Barrett’s esophagus is a disorder where acid reflux damages the flat pink lining of the swallowing tube that connects the mouth to the stomach (esophagus), resulting in the lining thickening and turning red. 

The lower esophageal sphincter, an extremely significant valve, sits between the esophagus and the stomach (LES). Gastroesophageal reflux disease is a condition that develops over time when the LES starts to collapse, causing the esophagus to become damaged by chemicals and acid (GERD). Symptoms like heartburn or regurgitation are frequently present with GERD. Some people’s GERD may cause Barrett’s esophagus by inducing a change in the cells lining their lower esophagus. 

A higher risk of esophageal cancer is linked to Barrett’s esophagus. Even though there is a low chance of developing esophageal cancer, it is crucial to undergo routine examinations with thorough imaging and extensive esophageal biopsies to look for precancerous cells (dysplasia). To stop esophageal cancer, precancerous cells can be treated if they are found. 


The most frequent cause of Barrett’s esophagus is chronic GERD, which can manifest as any of the following signs and symptoms: 

Curiously, only around half of those with Barrett’s esophagus report having significant acid reflux symptoms. As a result, you should talk to your doctor about your digestive health and the potential for Barrett’s esophagus.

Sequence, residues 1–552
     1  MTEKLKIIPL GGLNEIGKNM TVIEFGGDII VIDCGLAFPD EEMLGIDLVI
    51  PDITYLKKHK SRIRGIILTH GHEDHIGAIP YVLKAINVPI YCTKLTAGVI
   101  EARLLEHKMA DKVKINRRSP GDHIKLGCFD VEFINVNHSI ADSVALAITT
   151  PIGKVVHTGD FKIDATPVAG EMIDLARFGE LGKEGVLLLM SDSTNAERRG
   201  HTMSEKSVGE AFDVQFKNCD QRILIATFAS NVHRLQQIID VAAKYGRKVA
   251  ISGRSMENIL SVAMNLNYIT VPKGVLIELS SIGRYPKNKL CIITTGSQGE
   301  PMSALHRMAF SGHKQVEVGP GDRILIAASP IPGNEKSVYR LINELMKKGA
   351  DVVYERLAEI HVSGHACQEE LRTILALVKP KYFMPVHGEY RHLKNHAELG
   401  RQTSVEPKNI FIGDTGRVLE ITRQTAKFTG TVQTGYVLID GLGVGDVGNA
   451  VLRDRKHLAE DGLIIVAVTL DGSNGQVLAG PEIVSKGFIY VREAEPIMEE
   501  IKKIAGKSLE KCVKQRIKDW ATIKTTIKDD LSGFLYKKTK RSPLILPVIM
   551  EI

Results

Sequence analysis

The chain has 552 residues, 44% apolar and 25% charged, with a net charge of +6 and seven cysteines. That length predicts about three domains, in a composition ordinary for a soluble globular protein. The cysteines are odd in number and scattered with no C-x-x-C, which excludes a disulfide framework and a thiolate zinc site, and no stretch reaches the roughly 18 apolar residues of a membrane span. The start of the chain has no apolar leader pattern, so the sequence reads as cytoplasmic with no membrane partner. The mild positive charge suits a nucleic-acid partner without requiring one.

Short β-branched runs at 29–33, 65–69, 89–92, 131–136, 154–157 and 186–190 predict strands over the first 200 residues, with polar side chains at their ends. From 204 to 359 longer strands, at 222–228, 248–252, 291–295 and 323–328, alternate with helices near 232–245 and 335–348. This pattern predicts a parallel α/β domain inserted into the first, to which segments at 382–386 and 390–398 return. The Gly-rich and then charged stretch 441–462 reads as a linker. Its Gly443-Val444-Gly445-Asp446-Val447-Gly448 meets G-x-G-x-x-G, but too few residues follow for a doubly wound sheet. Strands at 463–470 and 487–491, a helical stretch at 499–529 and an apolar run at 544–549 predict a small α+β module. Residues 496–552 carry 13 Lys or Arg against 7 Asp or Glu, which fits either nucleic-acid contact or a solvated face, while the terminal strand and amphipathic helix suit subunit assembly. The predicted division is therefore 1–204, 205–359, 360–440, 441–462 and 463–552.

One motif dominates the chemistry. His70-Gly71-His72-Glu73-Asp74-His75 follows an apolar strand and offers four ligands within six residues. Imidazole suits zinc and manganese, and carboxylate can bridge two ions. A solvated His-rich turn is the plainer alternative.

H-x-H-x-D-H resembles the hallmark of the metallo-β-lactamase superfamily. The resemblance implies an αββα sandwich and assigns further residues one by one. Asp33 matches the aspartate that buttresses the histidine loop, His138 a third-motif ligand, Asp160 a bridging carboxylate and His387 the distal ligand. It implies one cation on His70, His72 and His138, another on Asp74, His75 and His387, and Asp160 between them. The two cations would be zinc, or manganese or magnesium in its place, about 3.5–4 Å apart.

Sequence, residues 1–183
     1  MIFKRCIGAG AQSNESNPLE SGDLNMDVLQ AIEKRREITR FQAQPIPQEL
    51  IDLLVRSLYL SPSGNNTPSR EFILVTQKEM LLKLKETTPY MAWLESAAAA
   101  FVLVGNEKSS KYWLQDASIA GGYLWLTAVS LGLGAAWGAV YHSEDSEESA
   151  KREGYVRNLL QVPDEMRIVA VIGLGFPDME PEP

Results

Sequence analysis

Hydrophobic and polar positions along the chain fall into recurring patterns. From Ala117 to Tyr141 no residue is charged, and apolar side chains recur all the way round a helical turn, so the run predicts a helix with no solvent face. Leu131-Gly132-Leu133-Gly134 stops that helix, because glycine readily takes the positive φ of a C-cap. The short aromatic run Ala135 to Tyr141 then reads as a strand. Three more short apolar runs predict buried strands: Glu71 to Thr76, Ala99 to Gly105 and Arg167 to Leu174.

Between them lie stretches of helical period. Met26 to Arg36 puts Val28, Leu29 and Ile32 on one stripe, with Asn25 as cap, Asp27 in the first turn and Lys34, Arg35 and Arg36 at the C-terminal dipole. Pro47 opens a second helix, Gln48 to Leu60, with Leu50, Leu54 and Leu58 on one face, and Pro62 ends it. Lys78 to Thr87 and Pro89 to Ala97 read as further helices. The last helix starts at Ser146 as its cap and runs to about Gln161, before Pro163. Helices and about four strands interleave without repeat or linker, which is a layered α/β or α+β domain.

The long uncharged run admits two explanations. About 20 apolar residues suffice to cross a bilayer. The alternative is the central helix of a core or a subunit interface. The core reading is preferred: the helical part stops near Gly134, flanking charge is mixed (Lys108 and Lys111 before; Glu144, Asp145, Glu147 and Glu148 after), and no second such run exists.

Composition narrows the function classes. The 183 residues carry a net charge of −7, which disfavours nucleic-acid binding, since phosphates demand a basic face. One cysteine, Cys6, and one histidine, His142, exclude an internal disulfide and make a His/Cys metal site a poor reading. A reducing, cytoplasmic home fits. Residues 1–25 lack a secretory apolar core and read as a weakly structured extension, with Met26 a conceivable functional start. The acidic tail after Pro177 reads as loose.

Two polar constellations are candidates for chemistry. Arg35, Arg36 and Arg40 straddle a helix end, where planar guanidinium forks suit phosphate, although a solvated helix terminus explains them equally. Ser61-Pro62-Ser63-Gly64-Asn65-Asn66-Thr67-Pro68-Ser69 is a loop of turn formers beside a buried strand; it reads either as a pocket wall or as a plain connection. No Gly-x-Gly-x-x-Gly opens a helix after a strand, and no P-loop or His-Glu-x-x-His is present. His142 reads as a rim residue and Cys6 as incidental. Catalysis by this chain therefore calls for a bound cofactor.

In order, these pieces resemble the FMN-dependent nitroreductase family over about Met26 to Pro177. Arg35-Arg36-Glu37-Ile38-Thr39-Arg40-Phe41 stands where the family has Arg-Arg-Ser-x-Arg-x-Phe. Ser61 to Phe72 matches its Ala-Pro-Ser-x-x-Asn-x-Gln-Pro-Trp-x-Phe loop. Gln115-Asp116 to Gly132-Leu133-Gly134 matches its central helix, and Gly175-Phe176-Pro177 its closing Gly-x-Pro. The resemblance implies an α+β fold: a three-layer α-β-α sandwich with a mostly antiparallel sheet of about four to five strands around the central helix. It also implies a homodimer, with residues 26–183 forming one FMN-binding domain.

It is unknown what causes Barrett’s esophagus. While many patients with Barrett’s esophagus have had GERD for a long time, many others do not have any symptoms of reflux, a condition known as “silent reflux.” 

Whether or not GERD symptoms coexist with acid reflux, chemicals, and stomach acid wash back into the esophagus, eroding the tissue and producing changes to the lining of the swallowing tube that lead to Barrett’s esophagus. 


 The following elements raise your risk of developing Barrett’s esophagus: 


You can typically find out if you have Barrett’s esophagus with an endoscopy. 

Your throat is examined with an endoscope, a lit tube with a camera at the end, to look for any indications of shifting esophageal tissue. Normal esophageal tissue has a light, shiny appearance. The tissue of Barrett’s esophagus is velvety and crimson. 

Your esophagus will be biopsied by your physician. The biopsied tissue can be analyzed to assess the level of change. 

Doral Health and Wellness Gastroenterology experts specialize in gastrointestinal (GI) and liver disease diagnosis and treatment. Colonoscopies, in which the inside of the colon is examined, are another common treatment performed by these doctors. Please call us at 347-868-1016. 

Leave a Reply

Your email address will not be published.